Review: London Belongs to Us by Sarra Manning

26177619London Belongs to Us by Sarra Manning
Genre: 
Contemporary
Published by: Hot Key Books
Pages: 272
Format: ARC e-book
Rating: ★★★
Note: I received this book from the publisher in exchange for an honest review. 

I was first drawn to this book because of it’s short timeline. It takes place over one night, and that would probably mean it would be a quick, fun read that could entertain me for a few hours. And I was right! London Belongs to Us is snappy and fast paced, the perfect read to start a summer of reading contemporary books.

P  L  O  T

Sunny, our protagonist, is preparing to have sex with her boyfriend, Mark, on the night her mother is out of town, but finds out that he’s been cheating on her with another girl. Enter two French boys, some drag queens, a rock band and a broom. It all adds up to a long, wild night of goose chase and seeking revenge.

Sometimes, I thought things got a little messy. Sunny was like a pinball, zinging around London all through the night, trying to meet up with Mark. But, the wild things that happened to her pushed the plot along, if a little forcefully. Sunny was quite passive in that way, letting the plot happen to her rather than the other way around.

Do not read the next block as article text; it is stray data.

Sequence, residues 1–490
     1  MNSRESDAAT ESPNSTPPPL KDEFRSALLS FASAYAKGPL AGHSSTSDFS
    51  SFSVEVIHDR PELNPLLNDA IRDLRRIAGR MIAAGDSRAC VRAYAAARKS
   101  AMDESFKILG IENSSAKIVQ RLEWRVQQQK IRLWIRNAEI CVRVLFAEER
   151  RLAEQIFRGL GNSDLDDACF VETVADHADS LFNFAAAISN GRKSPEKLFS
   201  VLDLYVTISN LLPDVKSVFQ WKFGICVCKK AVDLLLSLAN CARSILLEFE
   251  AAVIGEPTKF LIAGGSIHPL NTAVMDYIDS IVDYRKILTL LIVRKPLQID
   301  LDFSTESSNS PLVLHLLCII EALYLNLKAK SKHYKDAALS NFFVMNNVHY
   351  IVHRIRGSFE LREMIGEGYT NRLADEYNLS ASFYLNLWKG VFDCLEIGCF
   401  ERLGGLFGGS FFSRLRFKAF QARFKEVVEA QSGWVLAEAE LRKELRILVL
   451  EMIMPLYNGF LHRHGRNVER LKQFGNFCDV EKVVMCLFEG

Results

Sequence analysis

S  E  T  T  I  N  G

So, obviously, London plays a huge part in the book. At the beginning of each chapter, there’s a time stamp, to let you know how far through the night you are, a place name so you can locate Sunny in London, and a little description of where she is, to give all of us non-Londoners some fun facts about the city. It was charming to read about Chelsea Buns and where Madonna was born. I really love it when a book is firmly grounded in an easy-to-visualise location. I feel like setting isn’t something a lot of contemporary books focus on and if they do, it’s just ‘small town in the middle of nowhere’ kind of thing. In that way, London Belongs To Us is a lot like Anna and the French Kiss. An immersive adventure.

R  O  M  A  N  C  E

Cheating is never a good thing. Whether it’s genuine, or if the characters just think it happened, I normally hate whenever it pops up, but in this book, there was a mystery behind it. I liked that the lack of romance made sure that friendship was more prominent, and looking out for one another was the top priority.

V  E  R  D  I  C  T

I’m giving London Belongs to Us a nice, middling star rating of 3 stars. I enjoyed it, all the lists and pie charts of the evening, the references to RuPaul’s Drag Race that added another star on it’s own, and the racial and sexual diversity of the main cast. But, it wasn’t a permanent favourite, and the plot needed a little more pushing for me.  

 

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